Sublethal effect of agronomical surfactants on the spider Pardosa agrestis

Pesticide additives can weaken the predatory activity of a potential biological control agent

  • Spiders are abundant predators within agricultural ecosystems and can significantly reduce pest populations, bringing significant economic benefits.
  • Surfactants are a common component of pesticides.

Two chemicals used as co-formulants in pesticides have been found to reduce the predatory behaviour of the wolf spider Pardosa agrestis, an insect predator found within agricultural landscapes. A third co-formulant was found not to affect the predatory behaviour of females and increased the prey behaviour of male spiders. This is the first time that pesticide additives have been shown to alter the predatory activity of a potential biological control agent of crop pests.

Abstract

Sublethal effect of agronomical surfactants on the spider Pardosa agrestis, ScienceDirect, Volume 213, Pages 84–89, June 2016.

Wolf Spider by Thomas.

In addition to their active ingredients, pesticides contain also additives – surfactants. Use of surfactants has been increasing over the past decade, but their effects on non-target organisms, especially natural enemies of pests, have been studied only very rarely.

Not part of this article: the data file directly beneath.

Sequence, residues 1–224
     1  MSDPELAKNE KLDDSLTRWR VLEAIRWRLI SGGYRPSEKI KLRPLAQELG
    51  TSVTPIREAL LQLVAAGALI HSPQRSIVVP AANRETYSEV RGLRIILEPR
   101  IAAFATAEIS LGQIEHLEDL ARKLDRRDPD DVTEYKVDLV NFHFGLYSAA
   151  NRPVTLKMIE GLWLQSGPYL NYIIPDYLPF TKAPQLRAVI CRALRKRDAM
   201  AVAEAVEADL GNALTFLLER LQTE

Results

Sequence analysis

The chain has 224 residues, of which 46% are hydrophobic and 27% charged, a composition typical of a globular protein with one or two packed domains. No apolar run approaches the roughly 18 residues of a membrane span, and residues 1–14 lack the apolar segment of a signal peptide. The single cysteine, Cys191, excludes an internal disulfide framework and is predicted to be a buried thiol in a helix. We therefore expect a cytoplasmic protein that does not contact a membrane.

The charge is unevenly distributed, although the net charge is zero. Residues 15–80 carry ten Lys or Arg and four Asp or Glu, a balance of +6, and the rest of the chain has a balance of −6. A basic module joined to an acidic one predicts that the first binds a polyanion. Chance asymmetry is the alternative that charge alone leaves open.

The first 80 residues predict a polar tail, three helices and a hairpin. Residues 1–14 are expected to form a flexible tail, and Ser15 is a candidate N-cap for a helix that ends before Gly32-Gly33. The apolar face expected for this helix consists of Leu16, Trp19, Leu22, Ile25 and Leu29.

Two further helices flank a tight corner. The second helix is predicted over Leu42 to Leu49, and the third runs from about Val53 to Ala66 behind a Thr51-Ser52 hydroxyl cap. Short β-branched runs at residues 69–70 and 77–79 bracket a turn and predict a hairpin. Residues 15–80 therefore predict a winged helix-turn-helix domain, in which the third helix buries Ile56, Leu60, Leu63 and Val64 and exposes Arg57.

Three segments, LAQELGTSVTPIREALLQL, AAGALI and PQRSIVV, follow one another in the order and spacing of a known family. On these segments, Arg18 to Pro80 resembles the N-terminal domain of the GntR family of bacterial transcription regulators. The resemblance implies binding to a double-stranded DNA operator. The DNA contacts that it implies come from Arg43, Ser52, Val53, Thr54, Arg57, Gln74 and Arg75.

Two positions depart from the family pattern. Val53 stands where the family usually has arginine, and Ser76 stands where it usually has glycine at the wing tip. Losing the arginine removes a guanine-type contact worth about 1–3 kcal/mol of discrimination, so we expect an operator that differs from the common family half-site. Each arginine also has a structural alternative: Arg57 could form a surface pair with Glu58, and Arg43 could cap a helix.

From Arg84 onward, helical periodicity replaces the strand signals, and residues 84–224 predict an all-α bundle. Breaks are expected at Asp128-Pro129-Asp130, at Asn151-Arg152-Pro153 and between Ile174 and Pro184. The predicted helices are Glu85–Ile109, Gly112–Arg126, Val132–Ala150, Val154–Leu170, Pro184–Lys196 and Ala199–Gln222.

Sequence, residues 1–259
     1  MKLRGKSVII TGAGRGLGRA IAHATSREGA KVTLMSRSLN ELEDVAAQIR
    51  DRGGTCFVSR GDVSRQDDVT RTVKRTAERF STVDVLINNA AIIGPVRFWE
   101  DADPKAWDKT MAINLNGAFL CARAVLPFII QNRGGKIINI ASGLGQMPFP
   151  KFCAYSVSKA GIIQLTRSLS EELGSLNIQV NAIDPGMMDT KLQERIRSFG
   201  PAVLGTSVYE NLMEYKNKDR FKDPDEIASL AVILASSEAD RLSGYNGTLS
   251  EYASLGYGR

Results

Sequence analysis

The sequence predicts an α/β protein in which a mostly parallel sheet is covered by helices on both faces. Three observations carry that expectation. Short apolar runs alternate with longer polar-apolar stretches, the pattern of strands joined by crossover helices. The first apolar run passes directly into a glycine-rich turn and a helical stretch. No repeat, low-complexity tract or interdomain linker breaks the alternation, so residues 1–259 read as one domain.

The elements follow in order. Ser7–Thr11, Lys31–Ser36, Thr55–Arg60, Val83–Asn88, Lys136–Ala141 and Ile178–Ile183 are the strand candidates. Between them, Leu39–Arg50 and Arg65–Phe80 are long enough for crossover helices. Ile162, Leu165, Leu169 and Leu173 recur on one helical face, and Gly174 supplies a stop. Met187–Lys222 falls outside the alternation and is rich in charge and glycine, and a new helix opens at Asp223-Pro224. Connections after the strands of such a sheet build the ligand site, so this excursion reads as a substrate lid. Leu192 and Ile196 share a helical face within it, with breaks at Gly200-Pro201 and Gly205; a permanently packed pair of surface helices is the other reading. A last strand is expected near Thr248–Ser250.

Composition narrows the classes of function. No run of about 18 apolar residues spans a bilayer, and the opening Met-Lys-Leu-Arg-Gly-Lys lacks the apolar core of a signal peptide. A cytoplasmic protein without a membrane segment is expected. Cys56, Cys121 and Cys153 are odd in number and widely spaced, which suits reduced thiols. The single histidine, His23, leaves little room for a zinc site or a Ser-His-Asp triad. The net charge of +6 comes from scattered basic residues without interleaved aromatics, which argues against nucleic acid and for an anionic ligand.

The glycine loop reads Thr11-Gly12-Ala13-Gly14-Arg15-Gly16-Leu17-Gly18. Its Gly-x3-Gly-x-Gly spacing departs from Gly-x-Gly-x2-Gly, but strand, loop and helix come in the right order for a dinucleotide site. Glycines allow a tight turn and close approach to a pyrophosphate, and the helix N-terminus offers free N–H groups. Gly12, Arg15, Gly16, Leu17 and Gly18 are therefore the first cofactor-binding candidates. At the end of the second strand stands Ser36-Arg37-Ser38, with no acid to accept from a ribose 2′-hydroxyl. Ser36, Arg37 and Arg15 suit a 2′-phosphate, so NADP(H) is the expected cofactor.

The effect of three common agrochemical surfactants on the foraging behavior of the wolf spider Pardosa agrestis was studied in the laboratory. Differences in short-term, long-term, and overall cumulative predatory activities were investigated.

We found that surfactant treatment significantly affected short-term predatory activity but had no effect on long-term predatory activity. The surfactants also significantly influenced the cumulative number of killed prey. We also found the sex-specific increase in cumulative kills after surfactants treatment.

This is the first study showing that pesticide additives have a sublethal effect that can weaken the predatory activity of a potential biological control agent. More studies on the effects of surfactants are needed to understand how they affect beneficial organisms in agroecosystems.

Have your say ! Share your views